Current Issue

Volume 10 Issue 2 (Fall 2018) 

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From the Editor, Susan L. Popham

Research Articles

Informing Efforts to Increase Diversity: Academic Programs and Student Motivation in Technical and Professional Communication
Chris Dayley and Rebecca Walton

Unlike those of many other fields, academic programs in technical and professional communication lack a unifying name, definition, and location within the academy. This inconsistency can make our programs challenging for prospective students to discover. Unawareness and misconceptions of our field are barriers with implications not only for recruiting students in general but particularly for increasing student diversity—a recognized weakness of technical and professional communication academic programs. In this article, we present findings from an online survey designed to discover why students in technical and professional communication selected their major and implications regarding how the field can use this information to attract a more diverse group of students into our programs. Recommendations from this study include extending research questions about the current state of diversity in technical and professional communication programs, providing better opportunities for students who are members of underrepresented groups to learn about technical and professional communication through outreach to local high schools, developing better recruitment materials, and working with student influencers such as high school teachers and counselors, family members, and college admission offices.

Cross-disciplinary Perspectives on Technical Communication: STEM Faculty as Stakeholders in the Technical Communication Service Course
Thomas M. Ballard

This study seeks further understanding of how faculty members from various disciplines view the technical communication service course and its role as part of undergraduate students’ curriculum in their respective fields. The author interviewed five participants from the fields of Agriculture and Biosystems Engineering, Biological and Chemical Engineering, Industrial and Manufacturing Systems Engineering, Materials Science and Engineering, and Natural Resources and Ecology Management. The interview transcripts were analyzed qualitatively from a phenomenological perspective. Takeaways regarding specific genres and concepts in technical communication are considered.

Valuing Contra-Professionalization: Analyzing Successful Professionalization Practices in Technical and Professional Communication
Therese I. Pennell, Erin A. Frost, and Guiseppe Getto

This article reports on a study of professionalization practices utilized by recent graduates of programs in technical and professional communication who have attained tenure-track positions in this field. It discusses the professionalization practices of successful job candidates, makes recommendations about professionalization experiences that programs should make available to graduate students, and complicates how professionalization practices differ based on graduate students’ individual identities. Our findings are grounded in contra-professionalization, that is, “initiatives that offer or promote professional services outside of parts of or the entire infrastructure, sometimes circumventing it completely” (Carliner, 2012). We argue that personal identity must be recognized in thinking about professionalization, and therefore contra-professionalization practices (which more effectively deal with identity) will always be an important part of job market preparation. Keywords. contra-professionalization, embodiment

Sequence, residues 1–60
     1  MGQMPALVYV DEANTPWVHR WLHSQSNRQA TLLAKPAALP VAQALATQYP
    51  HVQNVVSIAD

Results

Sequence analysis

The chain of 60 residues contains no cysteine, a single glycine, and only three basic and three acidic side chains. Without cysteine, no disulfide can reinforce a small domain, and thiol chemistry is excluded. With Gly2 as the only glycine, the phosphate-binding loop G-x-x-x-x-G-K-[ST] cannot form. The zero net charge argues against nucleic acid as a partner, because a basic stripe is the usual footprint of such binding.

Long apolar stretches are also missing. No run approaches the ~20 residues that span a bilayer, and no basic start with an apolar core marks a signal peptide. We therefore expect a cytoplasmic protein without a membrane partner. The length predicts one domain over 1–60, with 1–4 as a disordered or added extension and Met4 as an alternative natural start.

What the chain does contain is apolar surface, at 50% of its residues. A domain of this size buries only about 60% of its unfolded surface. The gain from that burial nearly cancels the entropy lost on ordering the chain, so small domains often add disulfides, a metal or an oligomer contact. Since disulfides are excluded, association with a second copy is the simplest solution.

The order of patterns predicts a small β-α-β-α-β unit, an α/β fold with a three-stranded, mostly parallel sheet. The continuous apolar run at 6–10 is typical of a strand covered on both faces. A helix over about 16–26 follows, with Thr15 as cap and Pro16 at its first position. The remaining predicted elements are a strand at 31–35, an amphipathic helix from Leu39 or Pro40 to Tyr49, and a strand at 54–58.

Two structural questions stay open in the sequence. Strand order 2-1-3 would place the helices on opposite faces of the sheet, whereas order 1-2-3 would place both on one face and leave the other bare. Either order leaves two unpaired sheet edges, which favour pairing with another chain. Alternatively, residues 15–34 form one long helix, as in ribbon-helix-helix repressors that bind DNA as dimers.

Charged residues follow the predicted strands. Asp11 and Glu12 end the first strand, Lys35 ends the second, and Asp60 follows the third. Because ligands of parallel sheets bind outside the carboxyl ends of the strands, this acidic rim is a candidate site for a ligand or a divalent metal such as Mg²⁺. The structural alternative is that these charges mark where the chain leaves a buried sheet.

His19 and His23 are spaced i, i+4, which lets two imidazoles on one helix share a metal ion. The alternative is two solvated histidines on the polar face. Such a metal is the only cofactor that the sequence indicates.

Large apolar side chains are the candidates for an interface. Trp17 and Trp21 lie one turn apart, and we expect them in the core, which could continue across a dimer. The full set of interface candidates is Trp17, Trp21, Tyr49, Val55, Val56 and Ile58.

Matching Technical and Professional Communication Students with Internships
Elisabeth Kramer-Simpson

Internships can offer valuable workplace experience to technical communication students, but in order to ensure a learning experience, much attention must be paid to the fit of the student with the internship opportunity. In order to explore in depth these contextual factors, a qualitative, semi-structured interview approach was used to discuss internship coordinating with eight internship coordinators in the US in technical communication or similar programs. The findings indicate that career counseling and confidence-boosting are integral to the process of matching students with internship opportunities. Also, professionalism is an important component of both student preparation and vetting internship opportunities. Finally, contextual factors such as institution location or coordinator experience may impact the internship coordinating.

Book Reviews

Deadly Documents: Technical Communication, Organizational Discourse, and the Holocaust, by Mark Ward, Sr.
Reviewed by Dawn M. Armfield

How the Brain Processes Multimodal Technical Instructions, by Dirk Remley.
Reviewed by Janine Butler

Plain Language and Ethical Action: A dialogical Approach to Technical Communication in the Twenty-First Century, by Russell Willerton.
Reviewed by Sherena Huntsman